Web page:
The National Peace and Reconciliation Commission (NPRC) has urged victims of the ongoing army crackdown in Bulawayo and surrounding areas to report the abuses to the police.
The crackdown which after the violent protests that began on January 14, has seen an estimated 1000 residents subjected to torture and assault, with some hospitalised.
Addressing a local meeting on peace training and consultation in Bulawayo recently, NPRC Commissioner Leslie Ncube urged victims of the military crackdown to report their cases to the police even if they have no confidence in the police system.
He said that would assist the constitutional bodies to thoroughly take up the cases and allow victims to seek redress afterwards.
“Our biggest challenge is Zimbabweans don’t report their abuse cases and that makes our work challenging when we try to follow up or present evidence since we have to confront the accused authorities. The police are the ones with investigating powers,” he said.
The commissioner noted that reporting to police was necessary as that reportage would be used for future references.
“We may be alive now and dismiss these cases, thinking the situation is over but it may recur, not to you but to your child who can be a victim next time then that is when that reporting becomes important. We must not look at cases in isolation or in a once minded view. As the NPRC we encourage you to have a holistic approach at the same time in terms of our response mechanism, we respond within the framework and parameters of the law in Zimbabwe,” he explained.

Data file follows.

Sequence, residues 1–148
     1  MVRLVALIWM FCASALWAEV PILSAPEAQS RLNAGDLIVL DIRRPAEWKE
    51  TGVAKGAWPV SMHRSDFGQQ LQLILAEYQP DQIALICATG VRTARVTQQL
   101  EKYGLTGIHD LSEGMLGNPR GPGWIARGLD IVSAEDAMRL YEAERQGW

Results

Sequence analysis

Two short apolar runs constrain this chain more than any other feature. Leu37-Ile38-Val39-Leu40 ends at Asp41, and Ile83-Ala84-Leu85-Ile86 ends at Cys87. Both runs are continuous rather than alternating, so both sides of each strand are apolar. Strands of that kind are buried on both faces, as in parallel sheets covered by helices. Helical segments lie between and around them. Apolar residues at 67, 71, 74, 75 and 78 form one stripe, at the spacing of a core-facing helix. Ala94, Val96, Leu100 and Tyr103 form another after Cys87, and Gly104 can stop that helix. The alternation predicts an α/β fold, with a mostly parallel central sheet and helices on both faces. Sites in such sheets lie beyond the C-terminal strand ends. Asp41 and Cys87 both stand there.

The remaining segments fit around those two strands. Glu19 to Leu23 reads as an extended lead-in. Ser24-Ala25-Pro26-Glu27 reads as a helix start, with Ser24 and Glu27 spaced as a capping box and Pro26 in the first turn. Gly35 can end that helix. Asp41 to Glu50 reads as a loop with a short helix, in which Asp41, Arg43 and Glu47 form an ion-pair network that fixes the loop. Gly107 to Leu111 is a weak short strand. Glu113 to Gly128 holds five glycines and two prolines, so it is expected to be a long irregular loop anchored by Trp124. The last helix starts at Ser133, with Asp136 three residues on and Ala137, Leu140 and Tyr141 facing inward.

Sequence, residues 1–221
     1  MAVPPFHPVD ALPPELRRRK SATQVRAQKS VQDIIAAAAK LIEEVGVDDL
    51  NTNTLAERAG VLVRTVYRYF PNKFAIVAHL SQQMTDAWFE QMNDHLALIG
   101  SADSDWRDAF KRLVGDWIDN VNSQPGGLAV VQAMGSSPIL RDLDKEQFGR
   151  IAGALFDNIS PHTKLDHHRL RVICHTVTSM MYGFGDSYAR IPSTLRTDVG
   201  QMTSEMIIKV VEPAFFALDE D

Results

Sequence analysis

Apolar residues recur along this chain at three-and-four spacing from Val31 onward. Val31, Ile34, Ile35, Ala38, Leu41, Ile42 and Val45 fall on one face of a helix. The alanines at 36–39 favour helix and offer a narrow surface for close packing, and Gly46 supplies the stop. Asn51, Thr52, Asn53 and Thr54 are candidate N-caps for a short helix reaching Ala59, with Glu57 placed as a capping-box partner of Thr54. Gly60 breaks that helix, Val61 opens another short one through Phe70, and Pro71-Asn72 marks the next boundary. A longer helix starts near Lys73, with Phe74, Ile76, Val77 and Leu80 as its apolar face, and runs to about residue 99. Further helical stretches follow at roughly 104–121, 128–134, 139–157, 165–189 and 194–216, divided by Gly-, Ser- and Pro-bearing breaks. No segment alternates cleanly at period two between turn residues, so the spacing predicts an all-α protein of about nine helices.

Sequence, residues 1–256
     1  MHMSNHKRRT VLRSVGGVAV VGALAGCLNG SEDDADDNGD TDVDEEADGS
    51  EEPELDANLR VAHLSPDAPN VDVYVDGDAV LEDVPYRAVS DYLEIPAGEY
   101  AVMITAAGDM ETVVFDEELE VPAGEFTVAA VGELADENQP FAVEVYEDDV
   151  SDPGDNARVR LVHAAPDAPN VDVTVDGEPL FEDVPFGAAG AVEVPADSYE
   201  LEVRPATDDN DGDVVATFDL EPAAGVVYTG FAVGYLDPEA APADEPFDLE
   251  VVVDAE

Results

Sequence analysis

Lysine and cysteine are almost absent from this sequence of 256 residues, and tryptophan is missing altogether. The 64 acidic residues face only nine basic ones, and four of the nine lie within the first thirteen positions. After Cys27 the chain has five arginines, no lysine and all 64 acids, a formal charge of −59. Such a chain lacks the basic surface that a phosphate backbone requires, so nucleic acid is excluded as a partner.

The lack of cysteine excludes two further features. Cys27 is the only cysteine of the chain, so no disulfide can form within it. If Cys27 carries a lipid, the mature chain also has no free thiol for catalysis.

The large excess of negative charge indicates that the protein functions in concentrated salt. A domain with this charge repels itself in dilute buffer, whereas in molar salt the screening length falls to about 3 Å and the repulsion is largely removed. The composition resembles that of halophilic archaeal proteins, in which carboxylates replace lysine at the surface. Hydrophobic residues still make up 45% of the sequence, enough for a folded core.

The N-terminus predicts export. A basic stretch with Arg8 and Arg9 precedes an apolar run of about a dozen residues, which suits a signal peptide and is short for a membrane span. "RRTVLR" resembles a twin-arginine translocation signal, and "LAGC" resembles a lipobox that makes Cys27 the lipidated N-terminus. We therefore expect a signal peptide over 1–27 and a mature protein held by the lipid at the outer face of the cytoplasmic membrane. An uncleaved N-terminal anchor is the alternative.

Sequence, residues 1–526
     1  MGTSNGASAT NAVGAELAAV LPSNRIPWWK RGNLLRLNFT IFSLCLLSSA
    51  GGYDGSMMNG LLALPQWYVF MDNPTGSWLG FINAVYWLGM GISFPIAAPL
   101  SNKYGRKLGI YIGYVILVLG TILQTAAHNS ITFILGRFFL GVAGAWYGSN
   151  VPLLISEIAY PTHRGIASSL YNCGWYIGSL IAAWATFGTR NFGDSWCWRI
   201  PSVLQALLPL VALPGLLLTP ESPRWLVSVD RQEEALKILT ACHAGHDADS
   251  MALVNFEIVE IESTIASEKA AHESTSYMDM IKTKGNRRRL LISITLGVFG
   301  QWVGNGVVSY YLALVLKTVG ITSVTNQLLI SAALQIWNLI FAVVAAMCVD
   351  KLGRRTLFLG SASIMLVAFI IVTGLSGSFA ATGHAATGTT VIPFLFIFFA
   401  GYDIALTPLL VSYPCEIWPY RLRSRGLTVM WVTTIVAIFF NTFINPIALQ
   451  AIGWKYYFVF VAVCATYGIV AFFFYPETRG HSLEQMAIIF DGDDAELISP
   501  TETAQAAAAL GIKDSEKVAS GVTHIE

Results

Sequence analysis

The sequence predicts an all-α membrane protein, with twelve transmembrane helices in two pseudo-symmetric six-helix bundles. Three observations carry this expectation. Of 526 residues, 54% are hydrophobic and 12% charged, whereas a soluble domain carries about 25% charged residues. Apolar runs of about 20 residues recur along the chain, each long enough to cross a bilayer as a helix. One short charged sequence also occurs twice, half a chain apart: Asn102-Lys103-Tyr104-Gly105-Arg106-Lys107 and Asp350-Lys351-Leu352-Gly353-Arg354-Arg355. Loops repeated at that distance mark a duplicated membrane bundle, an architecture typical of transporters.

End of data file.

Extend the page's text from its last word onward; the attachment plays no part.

Commissioner Ncube said the NPRC as a constitutional body recognized that there other institutions that are mandated to enforce the law and had to be respected.
“The police are part of the law enforcing system therefore in as much as you can come to us at the commission and seek audience you have to understand the role of the police. That is important to know how government runs. We should recognise that the first institution is the police and if you don’t have a docket, we as the NPRC can’t open one for you but can only give you solidarity. We can also refer you to the police because the police is the first institution that is charged with investigating,” he highlighted.
The commissioner did acknowledge that some had lack of confidence in the justice system but said going to the police first and asking for the case reference number was necessary.
“You said you don’t have confidence with the police but the issue of confidence comes in reporting to us. Ask for the case number but if you sit at home and do nothing we can’t help. We know there are some who would take advantage of a situation and say they were beaten in the protests yet would have been involved in a brawl so this is why we say use the police to investigate,” he said.
“From reporting your case, it becomes much easier for us to follow up and for you to even seek legal recourse. Even if coming to the churches, or going to the Zimbabwe Human Rights Commission or us the NPRC – the complaints handling desk would also investigate your matter in reference to the case number and make through follow ups to confront those involved.”